Friday, August 26, 2005

Boob Tube Ruse

Last night, my friend David and I were going to a free filming of Comedy Central's Premium Blend with Damon Wayans courtesy of On Camera Audiences. After a quick dinner at the Film Center Cafe -- where we were waited on by the cute and amusing Barry -- we went to the theater to get in line.

An hour later, we were turned away. Had we gotten there perhaps 10-15 minutes earlier, we would have gotten in, I'm sure, and as it was, we got to add our names to a special premium invitation list for "next time." Despite all that, we still got a good dose of the funny. David and I played what he dubbed the Hacky Crappington Game, a game in which I'd offer up topics -- say, laundromats or traffic -- and he'd do a bit or a rant. I'd then cut him off with a new topic, and he had to seamlessly go into the next bit. Try it; it's fun. David also turned me onto the blog of one Laurie Kilmartin, whose writing sheds light on the life of a standup. Fun stuff. Even if we stood in line for an hour.

Last night, then, I had a dream. I dreamt that I was still in line for the show, but that, instead of getting turned away, I snuck in through the door. I made it to the entrance to the theater inside, but got startled and had to hide. So I jumped into a restroom. The restroom was equipped with a bathtub and shower, and I decided that the best way to act natural was to take a shower. No one would look twice! So into the shower I stepped. As I was finishing the shower and began to dress -- while still standing in the tub, I realized I hadn't rinsed my hair. Even though I'd put my shirt on. So I leaned forward in the tub as the water drained out to rinse my hair -- only to get my shirt soaking wet!

Tuesday, August 23, 2005

Comics and Commentary XIII

Here are the reviews I've recently submitted to Poopsheet:

Apres-Shampooing: This 36-page collection, published by Robot, comprises pieces that previously ran in Kitchen Sink magazine, online in Serializer, and in various anthologies. Goodin sheds some light on where he finds inspiration; shares a story about a three-legged woman; offers an extremely well-drawn fable about elephants, rabbits, and trickery; and provides an effective piece about ineffectively enforced crime -- and bad customer service. His artwork borders on that of some of the bulkier manga or historieta artists, and his writing occasionally resonates with that of Dave Cooper. Intriguing. (Robert Goodin / 115 W. California Blvd. #188 / Pasadena, CA / 91005 USA.)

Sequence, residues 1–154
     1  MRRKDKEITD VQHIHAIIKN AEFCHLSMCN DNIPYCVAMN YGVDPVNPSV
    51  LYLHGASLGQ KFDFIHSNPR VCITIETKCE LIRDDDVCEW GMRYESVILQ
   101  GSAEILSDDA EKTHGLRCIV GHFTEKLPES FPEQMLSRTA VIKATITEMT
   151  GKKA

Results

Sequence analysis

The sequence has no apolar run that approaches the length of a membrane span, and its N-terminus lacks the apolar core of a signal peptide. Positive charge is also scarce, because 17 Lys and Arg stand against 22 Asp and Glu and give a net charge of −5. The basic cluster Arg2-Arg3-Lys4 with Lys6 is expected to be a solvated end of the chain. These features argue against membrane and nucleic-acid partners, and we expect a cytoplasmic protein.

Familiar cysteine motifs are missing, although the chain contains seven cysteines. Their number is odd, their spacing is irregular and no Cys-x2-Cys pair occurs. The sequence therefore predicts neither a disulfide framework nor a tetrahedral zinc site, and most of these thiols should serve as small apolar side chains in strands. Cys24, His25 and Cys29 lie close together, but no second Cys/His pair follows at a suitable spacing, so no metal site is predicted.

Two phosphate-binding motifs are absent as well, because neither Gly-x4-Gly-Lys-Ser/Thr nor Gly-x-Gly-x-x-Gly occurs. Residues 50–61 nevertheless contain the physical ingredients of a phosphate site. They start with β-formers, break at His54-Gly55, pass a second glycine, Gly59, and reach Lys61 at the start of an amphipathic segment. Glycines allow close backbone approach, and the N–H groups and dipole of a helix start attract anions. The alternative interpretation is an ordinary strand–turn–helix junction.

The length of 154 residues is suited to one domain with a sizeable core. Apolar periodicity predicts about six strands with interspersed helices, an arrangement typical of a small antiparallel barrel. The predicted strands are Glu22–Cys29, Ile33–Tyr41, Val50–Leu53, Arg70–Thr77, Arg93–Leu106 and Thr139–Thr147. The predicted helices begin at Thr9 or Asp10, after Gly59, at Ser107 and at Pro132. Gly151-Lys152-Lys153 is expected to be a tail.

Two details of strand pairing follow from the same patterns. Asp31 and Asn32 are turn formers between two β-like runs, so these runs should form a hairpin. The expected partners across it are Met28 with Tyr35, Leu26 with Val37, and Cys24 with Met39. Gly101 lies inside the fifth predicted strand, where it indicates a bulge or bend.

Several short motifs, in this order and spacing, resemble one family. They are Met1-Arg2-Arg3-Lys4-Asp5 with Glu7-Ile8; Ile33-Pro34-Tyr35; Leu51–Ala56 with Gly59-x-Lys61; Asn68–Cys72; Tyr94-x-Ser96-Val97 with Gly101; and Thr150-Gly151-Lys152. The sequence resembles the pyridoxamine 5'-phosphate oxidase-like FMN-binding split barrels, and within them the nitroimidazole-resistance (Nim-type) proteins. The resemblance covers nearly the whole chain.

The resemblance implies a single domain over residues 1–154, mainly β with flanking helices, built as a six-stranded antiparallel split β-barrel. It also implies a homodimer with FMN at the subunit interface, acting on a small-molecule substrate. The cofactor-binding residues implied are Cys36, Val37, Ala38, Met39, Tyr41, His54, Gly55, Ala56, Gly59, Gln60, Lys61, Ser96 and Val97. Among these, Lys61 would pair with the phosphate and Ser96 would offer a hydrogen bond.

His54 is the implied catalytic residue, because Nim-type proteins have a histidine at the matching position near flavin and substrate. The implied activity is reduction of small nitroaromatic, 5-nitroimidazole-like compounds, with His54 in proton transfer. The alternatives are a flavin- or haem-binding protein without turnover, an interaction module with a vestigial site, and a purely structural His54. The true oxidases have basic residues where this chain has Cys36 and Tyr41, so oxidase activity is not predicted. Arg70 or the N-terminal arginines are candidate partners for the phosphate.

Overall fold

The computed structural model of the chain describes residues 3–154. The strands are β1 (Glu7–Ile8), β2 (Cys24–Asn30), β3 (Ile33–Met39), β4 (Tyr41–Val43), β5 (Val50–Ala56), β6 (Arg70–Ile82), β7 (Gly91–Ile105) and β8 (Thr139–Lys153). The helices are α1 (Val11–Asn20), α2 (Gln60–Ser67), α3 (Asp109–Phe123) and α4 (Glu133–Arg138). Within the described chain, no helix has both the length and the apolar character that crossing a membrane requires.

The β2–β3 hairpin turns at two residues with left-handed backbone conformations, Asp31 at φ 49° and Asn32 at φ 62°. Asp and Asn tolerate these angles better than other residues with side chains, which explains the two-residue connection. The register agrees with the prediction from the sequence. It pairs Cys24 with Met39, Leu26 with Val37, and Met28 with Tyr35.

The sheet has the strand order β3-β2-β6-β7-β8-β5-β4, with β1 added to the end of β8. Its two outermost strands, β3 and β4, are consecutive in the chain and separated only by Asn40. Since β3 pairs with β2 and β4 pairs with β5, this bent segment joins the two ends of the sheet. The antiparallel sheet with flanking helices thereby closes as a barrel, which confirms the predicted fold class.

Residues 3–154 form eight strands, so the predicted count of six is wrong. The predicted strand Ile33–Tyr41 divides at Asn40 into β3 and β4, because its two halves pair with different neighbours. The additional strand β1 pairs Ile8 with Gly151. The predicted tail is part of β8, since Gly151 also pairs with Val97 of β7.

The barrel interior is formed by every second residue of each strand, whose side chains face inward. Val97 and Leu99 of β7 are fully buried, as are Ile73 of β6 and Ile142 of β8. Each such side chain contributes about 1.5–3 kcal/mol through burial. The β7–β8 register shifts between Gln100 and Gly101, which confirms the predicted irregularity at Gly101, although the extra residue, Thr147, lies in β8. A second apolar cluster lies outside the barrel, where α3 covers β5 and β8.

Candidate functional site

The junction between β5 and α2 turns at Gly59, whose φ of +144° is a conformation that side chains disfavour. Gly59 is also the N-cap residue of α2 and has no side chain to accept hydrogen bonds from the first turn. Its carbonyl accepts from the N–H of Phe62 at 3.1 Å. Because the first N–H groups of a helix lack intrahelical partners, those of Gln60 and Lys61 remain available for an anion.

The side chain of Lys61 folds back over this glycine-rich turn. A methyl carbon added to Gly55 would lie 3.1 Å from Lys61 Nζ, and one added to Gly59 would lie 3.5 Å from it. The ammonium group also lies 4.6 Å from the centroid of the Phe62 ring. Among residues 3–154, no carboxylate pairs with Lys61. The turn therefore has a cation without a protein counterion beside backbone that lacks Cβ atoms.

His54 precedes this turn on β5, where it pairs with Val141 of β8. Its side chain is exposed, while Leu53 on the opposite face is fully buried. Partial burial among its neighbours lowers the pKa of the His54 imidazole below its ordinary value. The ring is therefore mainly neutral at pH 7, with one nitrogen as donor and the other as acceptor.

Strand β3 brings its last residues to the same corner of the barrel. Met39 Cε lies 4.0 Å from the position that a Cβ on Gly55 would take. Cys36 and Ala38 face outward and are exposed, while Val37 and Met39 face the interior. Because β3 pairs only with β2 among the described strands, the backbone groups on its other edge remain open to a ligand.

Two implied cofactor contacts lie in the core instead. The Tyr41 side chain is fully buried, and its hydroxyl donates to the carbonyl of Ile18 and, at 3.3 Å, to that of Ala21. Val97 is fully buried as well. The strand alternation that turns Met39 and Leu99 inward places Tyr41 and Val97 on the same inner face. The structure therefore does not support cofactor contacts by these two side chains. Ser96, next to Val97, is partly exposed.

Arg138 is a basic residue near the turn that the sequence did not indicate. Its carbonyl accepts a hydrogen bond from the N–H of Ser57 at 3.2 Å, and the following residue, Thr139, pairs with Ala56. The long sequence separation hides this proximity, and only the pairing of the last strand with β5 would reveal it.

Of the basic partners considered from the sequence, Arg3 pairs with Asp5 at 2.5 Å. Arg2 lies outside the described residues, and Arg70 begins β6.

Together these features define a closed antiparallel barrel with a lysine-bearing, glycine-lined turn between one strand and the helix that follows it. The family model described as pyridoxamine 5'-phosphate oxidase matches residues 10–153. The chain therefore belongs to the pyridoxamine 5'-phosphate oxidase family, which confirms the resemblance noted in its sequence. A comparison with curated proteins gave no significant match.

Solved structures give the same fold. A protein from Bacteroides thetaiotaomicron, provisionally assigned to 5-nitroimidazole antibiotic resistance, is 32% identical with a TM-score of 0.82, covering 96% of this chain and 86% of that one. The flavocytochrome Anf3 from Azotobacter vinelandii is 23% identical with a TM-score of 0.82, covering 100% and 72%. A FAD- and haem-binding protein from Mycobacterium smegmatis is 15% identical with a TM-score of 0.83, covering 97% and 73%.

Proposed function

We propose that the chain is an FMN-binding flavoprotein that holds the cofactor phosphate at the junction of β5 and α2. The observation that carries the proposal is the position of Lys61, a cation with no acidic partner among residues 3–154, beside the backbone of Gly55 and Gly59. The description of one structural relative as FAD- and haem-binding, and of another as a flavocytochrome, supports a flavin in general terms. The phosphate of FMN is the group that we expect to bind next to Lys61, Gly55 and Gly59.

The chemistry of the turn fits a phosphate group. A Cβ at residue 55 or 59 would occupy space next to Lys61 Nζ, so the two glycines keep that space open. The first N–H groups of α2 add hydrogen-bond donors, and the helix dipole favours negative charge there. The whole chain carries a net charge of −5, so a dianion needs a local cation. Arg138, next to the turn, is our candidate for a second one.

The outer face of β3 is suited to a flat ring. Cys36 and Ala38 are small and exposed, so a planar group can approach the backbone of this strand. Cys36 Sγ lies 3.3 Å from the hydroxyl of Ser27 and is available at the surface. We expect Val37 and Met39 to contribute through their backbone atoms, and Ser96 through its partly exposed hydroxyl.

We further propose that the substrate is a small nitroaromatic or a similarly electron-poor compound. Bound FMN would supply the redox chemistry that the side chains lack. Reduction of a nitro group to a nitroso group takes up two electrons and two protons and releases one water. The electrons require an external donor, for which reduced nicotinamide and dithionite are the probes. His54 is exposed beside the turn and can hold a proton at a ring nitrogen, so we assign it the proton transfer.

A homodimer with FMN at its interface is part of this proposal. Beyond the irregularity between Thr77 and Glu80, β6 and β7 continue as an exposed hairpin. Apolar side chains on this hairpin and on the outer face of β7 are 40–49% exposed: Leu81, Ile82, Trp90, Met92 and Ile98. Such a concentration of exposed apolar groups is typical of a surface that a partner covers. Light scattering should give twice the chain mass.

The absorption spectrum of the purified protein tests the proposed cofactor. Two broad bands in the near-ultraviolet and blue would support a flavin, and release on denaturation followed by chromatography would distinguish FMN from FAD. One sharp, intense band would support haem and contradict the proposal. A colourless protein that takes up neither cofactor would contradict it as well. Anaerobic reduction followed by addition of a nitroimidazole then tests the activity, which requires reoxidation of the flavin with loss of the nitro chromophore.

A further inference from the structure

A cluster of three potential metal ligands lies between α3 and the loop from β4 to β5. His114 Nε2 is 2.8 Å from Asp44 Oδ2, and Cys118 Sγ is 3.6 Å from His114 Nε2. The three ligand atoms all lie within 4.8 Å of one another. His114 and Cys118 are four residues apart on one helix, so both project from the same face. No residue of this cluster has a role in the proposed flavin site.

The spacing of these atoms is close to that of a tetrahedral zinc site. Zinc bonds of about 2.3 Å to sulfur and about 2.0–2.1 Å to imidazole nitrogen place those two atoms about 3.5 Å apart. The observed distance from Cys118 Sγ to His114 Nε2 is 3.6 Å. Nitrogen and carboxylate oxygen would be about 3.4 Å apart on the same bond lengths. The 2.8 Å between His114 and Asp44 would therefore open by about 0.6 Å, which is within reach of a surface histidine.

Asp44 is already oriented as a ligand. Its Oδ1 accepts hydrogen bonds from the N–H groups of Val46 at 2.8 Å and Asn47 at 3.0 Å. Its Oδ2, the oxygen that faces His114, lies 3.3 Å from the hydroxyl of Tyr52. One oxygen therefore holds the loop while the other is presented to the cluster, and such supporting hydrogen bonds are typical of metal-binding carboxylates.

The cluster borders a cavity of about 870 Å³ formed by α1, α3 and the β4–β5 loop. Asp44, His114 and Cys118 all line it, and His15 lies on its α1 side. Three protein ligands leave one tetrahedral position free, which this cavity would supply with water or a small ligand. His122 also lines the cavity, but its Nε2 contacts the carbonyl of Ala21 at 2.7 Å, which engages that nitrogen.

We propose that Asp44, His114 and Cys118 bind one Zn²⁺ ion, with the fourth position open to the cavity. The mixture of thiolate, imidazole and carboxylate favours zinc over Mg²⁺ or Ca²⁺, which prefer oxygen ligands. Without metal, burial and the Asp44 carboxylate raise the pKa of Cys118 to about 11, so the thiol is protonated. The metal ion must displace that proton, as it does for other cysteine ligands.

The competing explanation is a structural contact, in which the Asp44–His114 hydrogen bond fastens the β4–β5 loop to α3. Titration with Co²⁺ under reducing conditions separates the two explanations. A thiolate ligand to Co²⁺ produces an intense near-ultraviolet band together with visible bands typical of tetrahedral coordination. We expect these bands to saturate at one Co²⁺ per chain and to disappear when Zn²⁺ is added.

It Happens in Here: Written by McClurg and drawn by Ballard, this 16-page, color-photocopied minicomic tells the tale of a man mourning a lost dog -- and his father -- in the questionable seclusion of a library bathroom. Subtle and sensitive, the work captures a personal, private moment experienced very much in public. A small slice of life, but still substantial and sensitive. Have these two produced longer pieces? (Stephen McClurg and Derek Ballard / Alabama Society for Activity Vs. Inactivity.)

Misfortune Cookie: While this 40-page item was drawn "years and years ago," Justin Gammon's first minicomic is a welcome publication. Had Bob Burden and Jordan Crane produced a print version of Toy Story, this may very well have resulted. Concerned by a flying squadron of fortune cookies, the silverware -- lead by Z Fork -- enlist toy soldiers to dispatch the "invaders" with what appears to be a toy gun. The result is frustratingly successful, and the extremely well-drawn, wordless comic comes across as well paced, wise, and not at all wanting. Practically perfect. Impressive. (Justin Gammon / Wide Awake Press / P.O. Box 14234 / Greenville, SC / 29610 USA.)